Fusing can be very frustrating.
I don't fuse bezels, though I learned how some years ago. It can be
done, but I think it helps to use a bit heavier bezel (fine silver)
than the usual. For fusing a bezel to backing, I was taught to apply
ochre to the top edge to discourage melting, and to make the bezel
higher than needed and sand it down after to compensate when it
melts anyway. You don't really need to fuse, though, except for
pieces to be granulated or enameled, where solder would be a
Yes, sterling fuses, but I wouldn't like to try to do bezels or
chain links that way. The fusing I do is for textured sheets of
material, so it is flat bits or granules or wires onto a flat sheet.
For that, you use a large, diffuse flame, and it works a whole lot
better with an oxy-fuel torch than with fuel/air. Helps a lot to use
a natural charcoal block, too.
For any kind of fusing, as for soldering, fit is very important. Are
you filing the ends of the bezel strip absolutely flat and square?
From instructions that I see on line and in books and magazines, a
lot of people don't file bezel joints, they just cut them with flush
cutters and hope for the best. I put the bezel strip in a pair of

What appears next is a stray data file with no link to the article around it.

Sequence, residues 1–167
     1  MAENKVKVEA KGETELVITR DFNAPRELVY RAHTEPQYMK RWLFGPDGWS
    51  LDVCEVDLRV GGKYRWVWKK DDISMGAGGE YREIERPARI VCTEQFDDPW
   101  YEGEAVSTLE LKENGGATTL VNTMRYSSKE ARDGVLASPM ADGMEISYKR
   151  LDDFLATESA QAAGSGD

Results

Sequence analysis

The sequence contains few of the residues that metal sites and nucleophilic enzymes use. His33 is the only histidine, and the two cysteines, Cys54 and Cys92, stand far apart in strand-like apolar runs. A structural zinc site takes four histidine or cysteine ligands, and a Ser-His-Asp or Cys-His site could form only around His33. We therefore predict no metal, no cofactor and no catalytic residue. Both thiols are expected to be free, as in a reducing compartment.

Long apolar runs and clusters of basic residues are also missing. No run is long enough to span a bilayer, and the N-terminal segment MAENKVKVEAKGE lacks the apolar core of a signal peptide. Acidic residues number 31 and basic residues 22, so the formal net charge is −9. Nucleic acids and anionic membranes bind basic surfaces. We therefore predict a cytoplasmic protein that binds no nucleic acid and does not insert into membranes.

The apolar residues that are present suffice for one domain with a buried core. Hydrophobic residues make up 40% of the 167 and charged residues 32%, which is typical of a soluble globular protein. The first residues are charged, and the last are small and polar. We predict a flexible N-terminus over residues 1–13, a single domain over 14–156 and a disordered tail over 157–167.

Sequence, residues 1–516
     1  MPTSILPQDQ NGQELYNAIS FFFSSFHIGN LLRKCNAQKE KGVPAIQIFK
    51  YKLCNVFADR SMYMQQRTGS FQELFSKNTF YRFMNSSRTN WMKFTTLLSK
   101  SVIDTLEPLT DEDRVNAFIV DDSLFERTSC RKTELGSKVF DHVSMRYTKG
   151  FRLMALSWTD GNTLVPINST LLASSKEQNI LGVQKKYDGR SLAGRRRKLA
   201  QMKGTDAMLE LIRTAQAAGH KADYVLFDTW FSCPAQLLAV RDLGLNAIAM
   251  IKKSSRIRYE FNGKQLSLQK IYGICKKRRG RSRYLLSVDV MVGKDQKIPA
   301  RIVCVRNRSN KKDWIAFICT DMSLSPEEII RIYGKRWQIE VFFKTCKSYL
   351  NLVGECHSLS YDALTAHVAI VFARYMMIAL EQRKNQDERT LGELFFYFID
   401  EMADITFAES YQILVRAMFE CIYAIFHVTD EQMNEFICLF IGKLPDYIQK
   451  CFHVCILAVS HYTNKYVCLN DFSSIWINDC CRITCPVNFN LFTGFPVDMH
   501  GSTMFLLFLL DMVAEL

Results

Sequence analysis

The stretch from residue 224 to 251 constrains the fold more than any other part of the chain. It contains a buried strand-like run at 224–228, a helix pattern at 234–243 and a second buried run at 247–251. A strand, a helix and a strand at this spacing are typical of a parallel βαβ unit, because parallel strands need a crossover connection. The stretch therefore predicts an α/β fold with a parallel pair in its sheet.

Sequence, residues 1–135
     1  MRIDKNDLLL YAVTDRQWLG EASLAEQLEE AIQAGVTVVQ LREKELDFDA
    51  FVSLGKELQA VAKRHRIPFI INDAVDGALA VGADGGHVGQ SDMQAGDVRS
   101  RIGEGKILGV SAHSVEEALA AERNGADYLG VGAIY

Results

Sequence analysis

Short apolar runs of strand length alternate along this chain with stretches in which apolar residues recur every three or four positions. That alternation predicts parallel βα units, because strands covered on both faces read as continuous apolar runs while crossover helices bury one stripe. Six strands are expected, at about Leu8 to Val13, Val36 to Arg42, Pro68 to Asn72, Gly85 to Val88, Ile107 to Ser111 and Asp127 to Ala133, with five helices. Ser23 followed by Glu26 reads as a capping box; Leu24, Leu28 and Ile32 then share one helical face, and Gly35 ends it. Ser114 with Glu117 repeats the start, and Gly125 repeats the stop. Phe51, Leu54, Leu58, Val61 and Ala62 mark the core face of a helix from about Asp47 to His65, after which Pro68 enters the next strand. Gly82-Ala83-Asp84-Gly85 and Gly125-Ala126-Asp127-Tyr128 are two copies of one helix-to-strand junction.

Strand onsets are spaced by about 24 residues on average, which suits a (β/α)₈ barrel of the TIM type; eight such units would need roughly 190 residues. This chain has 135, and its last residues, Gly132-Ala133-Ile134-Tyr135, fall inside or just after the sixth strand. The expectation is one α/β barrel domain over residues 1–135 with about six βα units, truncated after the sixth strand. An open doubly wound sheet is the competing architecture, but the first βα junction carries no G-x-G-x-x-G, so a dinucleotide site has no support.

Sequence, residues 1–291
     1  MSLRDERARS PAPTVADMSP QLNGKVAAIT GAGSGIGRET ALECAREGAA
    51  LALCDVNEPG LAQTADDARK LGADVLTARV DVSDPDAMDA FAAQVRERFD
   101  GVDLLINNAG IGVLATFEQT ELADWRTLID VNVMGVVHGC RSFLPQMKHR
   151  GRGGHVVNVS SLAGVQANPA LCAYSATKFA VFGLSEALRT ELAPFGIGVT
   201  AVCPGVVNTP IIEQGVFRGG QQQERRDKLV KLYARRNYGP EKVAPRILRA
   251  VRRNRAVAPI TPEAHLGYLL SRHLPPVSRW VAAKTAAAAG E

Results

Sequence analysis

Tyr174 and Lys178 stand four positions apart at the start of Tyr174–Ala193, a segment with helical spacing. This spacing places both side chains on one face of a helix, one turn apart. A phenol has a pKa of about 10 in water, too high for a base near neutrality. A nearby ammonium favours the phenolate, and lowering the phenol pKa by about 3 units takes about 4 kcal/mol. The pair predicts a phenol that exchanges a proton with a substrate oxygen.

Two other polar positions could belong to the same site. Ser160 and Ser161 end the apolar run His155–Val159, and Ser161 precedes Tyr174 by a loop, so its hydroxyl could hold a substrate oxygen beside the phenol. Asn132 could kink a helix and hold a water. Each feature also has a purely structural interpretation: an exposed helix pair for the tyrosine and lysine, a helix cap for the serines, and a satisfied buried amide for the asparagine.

pliers with just a tiny sliver sticking out the side and file down to
the (flat) side of the pliers to make sure it is flat. If it isn't
square, I adjust and do it again. This gives the largest posssible
contact area between the two sides of the strip, and makes the joint
nearly invisible even before it is soldered (or fused).
The easiest way to practice fusing is to lay a bunch of scraps from
previous projects on a backing sheet and try to stick them down. If
it all melts, it can still look pretty cool. Don't overlap them, make
sure they're flat and make good contact; use the largest flame your
torch can do (with my Meco Midget, I remove the tip altogether and
use the pipe) and keep the torch a bit far from the surface. Keep it
moving around and around the whole piece (put it on a natural
charcoal block if at all possible). Don't flux. When the surface
begins to turn shiny, adjust the torch speed to allow that "wet"
surface to spread so that silver runs into the space between front
and back pieces. It takes practice-- and complete concentration.
If you use a fairly thin backing (28g or so) you can tell when it is
well-fused by looking at the back-- you will be able to see the
When it is done, you can run it lightly through the rolling mill to
even it out a bit, then do another layer. This is harder, because
fit will be less good. Don't pickle until you're all done.
It helps a lot to see somebody do this, but if you have scraps, it
is "free" to try it. It also makes great textures to take fused
sheets you don't like, roll them, cut them up and fuse them to
backing. Some of my best textures come from this.
I am putting some pics on my blog to show the results in my own
P.S.-- Shameless self-promotion: I would be delighted to travel just
about anywhere to teach a workshop in this technique-- contact me